Monday, November 12, 2012

Placebo by Steven James

This marks the second consecutive Steven James novel that I very nearly quit reading after the first chapter.

Placebo is quite different from his Bower's Files series. We're talking deep scientific mumbo-jumbo in this series. The big question revolves around the idea that we can affect others simply by thinking about them.

Jevin Banks was a magician who turned his knowledge into an expose reality tv show. He reveals scammers and phonies with ease. When he turns his sights on mind-to-mind communication program, he uncovers a far-reaching conspiracy that bring an end to any sense of safety.

This book begins with horrific family tragedy for Banks. His wife drives their family van into a lake thus drowning herself and their two boys. It was at this point that I became angry at the author, threw the book down and almost didn't pick it up again. I was unhappy with James using children coming to harm to evoke emotion from me. He has done this with his last two books.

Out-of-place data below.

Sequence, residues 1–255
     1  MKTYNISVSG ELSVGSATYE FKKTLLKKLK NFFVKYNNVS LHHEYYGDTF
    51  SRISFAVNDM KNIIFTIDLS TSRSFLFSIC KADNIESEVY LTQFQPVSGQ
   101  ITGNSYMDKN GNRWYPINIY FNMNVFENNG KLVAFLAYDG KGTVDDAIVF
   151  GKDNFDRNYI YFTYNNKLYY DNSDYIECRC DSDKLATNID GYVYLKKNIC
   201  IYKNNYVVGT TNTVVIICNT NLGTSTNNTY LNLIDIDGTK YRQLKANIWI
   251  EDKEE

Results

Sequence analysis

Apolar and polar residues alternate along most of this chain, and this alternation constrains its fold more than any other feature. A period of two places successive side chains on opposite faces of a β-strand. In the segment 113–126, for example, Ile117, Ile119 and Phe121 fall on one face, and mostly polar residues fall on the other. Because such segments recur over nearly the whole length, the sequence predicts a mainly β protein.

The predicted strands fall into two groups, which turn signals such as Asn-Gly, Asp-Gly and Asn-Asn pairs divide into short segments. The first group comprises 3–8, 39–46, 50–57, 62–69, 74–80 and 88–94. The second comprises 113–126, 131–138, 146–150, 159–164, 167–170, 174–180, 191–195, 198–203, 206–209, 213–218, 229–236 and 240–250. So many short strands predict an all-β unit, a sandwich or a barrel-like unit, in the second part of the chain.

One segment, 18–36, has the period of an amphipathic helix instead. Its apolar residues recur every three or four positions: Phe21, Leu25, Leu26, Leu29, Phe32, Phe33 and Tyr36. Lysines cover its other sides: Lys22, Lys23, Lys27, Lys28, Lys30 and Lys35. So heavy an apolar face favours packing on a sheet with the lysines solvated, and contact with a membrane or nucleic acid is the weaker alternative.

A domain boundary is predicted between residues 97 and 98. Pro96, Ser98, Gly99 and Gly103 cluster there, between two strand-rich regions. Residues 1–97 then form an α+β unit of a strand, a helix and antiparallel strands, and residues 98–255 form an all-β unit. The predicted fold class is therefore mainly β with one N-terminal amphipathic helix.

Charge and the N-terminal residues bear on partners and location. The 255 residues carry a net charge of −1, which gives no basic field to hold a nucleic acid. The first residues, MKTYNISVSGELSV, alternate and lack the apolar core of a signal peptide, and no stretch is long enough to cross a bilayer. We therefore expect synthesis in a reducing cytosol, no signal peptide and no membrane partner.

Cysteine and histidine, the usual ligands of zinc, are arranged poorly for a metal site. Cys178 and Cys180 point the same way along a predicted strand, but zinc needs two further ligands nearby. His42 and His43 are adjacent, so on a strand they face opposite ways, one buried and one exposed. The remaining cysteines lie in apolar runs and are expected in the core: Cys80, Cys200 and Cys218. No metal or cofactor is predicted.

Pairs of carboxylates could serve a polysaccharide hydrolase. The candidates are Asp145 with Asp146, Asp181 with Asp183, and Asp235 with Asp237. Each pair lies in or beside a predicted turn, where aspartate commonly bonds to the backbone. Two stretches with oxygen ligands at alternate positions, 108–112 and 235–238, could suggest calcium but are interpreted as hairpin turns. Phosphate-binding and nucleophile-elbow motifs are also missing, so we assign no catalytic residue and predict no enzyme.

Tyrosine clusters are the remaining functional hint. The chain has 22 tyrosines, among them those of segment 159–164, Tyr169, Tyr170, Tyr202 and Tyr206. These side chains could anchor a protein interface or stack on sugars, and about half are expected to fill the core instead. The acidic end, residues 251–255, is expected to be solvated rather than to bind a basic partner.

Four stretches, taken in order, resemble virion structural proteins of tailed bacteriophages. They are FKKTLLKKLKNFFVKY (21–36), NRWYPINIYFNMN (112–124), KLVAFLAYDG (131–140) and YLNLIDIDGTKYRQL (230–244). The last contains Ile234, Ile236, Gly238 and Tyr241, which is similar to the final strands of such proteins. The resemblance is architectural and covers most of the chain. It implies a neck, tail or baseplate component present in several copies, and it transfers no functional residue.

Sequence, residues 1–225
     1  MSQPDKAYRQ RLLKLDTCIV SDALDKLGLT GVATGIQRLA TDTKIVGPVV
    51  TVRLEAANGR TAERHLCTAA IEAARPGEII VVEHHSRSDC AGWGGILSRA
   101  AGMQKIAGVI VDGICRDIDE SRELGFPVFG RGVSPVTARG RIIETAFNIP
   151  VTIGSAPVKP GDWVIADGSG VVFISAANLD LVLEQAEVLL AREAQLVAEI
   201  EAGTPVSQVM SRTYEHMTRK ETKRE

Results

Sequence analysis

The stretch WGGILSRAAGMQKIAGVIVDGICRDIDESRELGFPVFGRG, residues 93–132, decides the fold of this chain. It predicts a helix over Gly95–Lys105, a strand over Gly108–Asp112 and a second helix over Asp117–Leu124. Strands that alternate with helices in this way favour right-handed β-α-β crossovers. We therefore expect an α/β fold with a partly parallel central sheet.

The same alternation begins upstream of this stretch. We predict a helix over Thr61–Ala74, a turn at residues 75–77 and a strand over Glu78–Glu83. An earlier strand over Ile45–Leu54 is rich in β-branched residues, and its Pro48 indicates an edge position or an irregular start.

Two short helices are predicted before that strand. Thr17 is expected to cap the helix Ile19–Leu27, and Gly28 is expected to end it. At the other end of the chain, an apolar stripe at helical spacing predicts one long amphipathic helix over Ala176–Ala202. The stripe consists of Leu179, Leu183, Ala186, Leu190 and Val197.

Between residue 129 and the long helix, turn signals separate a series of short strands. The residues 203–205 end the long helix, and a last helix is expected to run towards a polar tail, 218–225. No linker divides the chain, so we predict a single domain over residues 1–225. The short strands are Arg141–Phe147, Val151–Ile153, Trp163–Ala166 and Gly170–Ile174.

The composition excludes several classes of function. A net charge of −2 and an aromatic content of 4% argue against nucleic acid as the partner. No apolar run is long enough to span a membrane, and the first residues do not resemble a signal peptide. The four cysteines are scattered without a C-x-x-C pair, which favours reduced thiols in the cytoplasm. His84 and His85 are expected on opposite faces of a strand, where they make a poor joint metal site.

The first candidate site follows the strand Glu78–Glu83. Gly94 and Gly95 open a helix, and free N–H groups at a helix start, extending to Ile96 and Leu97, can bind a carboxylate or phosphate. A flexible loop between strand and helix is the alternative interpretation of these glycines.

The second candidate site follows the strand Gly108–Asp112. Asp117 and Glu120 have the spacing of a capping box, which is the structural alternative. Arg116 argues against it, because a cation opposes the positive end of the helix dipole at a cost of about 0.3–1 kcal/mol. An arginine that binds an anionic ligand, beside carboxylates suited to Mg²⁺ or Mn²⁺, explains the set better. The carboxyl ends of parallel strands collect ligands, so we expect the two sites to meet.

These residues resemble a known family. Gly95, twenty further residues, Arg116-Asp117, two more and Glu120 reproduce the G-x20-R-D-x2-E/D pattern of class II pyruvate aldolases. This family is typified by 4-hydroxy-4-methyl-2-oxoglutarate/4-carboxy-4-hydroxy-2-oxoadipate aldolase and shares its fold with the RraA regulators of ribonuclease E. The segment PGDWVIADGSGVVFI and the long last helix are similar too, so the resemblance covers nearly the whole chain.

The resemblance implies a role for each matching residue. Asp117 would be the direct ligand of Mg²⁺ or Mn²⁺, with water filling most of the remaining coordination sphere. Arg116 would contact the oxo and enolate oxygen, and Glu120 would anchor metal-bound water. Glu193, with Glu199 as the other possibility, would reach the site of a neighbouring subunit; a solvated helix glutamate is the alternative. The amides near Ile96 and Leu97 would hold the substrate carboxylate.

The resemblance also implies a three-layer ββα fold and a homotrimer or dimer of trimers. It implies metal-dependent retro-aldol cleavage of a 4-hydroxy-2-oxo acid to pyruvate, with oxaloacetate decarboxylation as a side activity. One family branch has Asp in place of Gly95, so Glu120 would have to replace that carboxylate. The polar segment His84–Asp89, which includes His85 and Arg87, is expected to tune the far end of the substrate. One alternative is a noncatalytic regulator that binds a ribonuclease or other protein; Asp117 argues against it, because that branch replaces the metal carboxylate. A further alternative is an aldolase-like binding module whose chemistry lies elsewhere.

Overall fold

But of course, this plot point is integral to the story and character of Jevin Banks. So it is what it is.

This book pushes you head first into the world of science, consciousness and the power of prayer. It might be considered too highbrow for some looking for a quick thriller. But fans should expect the gripping thrill ride as well as the profound, intelligent writing from James.

At points, once Banks and his partner, Charlene, enter the mind-to-mind program things travel a little slow and we're just waiting for the explosion of action and the thrill of the chase. James does deliver on all accounts - it just takes us a while to get there.

This seems to be the first novel of a new series for James as the ending leads directly into the title of the forthcoming Book 2 of the Jevin Banks Novels.

You'll find yourself contemplating the power of prayer and what makes a blessing a blessing and a curse a curse. Heck, you may even crack open your Bible to research some of the theories these characters propose.

James is able to blend faith topics with engaging storylines that don't feel forced or overtly Christianized.

This book was provided for review, at no cost, by Revell Publishing.

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